Another man of ability who labored earnestly in behalf of his party was Ed Van Gundy, and he was the only man of any party, within the writer's knowledge, who honestly tried to enforce the prohibitory liquor law. While he was county attorney the liquor men had very little rest, and for this reason he was turned down at the next county convention, the liquor element, which was dominant in the party, going solidly against him. But he lived and died with the proud consciousness of having done his duty as an officer of the lawa consciousness which was worth more to an honest man than all the income of the office. But it is very difficult in these days of official corruption to make men see it.
In a former place I referred to a man who "would as soon think of leaving his wife as the Republican party." This was M. C. Kelly (if we have the initials right), who was rewarded by his party for his loyalty by sending him at one time to the state senate, and at another by being appointed oil inspector.
It is a pleasure to me to "give honor to whom honor is due," no matter to what party they belong. Among all the men prominent in Crawford county politics there lived not a more honorable and upright man than Chas. Slawson. Whether as private citizen or public officer I have yet the first word of aspersion against his character to hear. Honest in his dealings, upright in his official acts, mild and generous in his opposition to what he considered political error, he made his opponents feel that it was an honor and a pleasure to have such an antagonist. If all politicians were like him it would put an end to dirty politics and official corruption, and our government would become what its founders intended it to be, and what the apostle Paul said civil government should be, "a terror to evil doers, and a praise to them that do well." In his death the county lost one of its best citizens, and the Republican party one of its ablest and most honest defenders. He left a son, M. G. Slawson, who has already reached a point in the political world attained by but few men of his age, but I believe he has concluded to attend strictly to his own business and leave politics to others.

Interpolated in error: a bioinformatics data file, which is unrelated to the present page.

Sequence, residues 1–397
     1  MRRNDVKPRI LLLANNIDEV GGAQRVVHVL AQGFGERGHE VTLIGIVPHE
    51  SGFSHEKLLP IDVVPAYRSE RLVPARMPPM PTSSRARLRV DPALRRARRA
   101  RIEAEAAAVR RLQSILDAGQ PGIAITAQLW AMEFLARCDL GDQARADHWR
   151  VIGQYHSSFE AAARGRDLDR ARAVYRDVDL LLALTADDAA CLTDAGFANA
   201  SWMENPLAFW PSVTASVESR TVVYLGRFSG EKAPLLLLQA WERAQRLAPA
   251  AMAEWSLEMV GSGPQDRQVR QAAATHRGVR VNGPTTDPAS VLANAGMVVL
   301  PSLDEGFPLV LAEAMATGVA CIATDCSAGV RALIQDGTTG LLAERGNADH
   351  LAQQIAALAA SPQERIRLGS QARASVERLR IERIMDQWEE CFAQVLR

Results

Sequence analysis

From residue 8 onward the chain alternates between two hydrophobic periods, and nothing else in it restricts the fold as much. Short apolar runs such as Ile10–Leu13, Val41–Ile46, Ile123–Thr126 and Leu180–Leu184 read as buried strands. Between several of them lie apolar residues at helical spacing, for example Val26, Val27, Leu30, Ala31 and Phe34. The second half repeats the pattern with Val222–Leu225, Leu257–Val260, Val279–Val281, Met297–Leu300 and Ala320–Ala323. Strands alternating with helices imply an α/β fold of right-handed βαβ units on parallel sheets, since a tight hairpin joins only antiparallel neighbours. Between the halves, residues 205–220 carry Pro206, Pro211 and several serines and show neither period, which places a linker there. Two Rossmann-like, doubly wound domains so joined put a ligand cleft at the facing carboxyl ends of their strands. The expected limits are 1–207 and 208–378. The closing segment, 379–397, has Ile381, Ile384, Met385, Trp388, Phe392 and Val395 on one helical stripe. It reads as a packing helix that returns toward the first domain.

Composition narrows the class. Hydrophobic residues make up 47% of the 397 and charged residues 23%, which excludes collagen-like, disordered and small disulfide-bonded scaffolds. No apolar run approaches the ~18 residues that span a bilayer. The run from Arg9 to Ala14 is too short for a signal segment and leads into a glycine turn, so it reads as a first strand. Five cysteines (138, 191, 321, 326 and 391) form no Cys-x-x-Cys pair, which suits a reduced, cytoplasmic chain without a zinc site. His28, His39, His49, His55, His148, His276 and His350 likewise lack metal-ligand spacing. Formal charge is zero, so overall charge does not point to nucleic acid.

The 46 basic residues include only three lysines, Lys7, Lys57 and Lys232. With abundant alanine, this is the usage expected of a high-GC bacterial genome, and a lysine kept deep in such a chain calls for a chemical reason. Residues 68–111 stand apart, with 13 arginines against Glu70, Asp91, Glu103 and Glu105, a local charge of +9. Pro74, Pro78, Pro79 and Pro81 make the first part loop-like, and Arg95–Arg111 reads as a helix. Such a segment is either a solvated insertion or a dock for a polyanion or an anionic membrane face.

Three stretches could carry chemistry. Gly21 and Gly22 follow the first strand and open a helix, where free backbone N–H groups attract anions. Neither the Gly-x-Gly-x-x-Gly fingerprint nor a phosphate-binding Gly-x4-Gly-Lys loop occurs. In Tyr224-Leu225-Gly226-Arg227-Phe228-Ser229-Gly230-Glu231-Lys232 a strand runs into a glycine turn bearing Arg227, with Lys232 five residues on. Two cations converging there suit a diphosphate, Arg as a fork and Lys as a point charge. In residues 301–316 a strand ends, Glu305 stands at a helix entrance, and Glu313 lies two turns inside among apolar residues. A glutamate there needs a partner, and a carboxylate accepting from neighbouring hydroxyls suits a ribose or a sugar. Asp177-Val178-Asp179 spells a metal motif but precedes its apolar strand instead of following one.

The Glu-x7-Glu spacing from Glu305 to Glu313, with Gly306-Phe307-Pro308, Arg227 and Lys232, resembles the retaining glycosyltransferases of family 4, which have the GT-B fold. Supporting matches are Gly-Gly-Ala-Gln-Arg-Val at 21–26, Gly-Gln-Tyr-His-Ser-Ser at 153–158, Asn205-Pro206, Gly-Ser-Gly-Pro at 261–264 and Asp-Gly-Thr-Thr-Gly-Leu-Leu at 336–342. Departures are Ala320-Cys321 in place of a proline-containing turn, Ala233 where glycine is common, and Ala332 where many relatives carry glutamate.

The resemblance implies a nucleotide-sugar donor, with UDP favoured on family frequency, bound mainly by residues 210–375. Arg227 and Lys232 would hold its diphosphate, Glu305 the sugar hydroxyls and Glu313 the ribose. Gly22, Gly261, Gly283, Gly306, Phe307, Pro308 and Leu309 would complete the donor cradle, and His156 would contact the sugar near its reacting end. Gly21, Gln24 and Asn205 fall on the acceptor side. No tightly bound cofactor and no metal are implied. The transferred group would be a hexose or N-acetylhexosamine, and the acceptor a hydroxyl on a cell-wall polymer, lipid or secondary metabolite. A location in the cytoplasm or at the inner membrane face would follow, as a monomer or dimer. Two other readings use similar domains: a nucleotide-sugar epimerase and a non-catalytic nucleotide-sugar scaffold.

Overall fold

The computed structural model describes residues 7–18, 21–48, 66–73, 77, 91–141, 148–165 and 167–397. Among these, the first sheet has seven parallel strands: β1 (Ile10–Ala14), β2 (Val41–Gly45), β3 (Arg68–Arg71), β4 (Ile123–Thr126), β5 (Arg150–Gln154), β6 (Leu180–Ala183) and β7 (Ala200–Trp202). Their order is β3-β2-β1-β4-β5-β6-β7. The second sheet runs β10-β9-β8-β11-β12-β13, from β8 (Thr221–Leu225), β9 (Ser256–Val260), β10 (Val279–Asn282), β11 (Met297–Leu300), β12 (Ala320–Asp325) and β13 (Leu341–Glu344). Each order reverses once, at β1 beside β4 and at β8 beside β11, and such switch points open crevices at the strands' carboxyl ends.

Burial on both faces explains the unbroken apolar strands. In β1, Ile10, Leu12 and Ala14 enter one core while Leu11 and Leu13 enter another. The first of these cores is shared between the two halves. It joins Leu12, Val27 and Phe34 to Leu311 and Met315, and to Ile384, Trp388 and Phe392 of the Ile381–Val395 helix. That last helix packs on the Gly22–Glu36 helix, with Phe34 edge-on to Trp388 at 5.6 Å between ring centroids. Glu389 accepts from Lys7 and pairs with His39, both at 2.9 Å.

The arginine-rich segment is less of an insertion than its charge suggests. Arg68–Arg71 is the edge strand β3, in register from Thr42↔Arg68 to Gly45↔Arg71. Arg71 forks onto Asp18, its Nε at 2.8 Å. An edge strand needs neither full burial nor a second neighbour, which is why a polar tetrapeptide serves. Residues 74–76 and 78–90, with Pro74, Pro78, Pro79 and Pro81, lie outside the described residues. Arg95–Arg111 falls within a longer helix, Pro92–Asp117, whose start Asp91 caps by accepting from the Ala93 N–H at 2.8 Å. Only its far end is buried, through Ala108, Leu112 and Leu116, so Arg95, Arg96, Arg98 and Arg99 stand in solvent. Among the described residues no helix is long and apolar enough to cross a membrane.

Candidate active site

One of the earliest and ablest of Republicans in the county is W. B. Crawford, Esq. He is not one of the blatant kind, but a constant and untiring worker when work is to be done. As politics run he may be considerd an honest politician, never forgetting to take adantage of any incident or remark of the opposite side that may fall in his way. He has been a justice of the peace for a good many years, and still holds that office.
Another of the pioneers was William Merriweather, of whom we can say but little except that he was a stanch Republican, and a bitter partisan.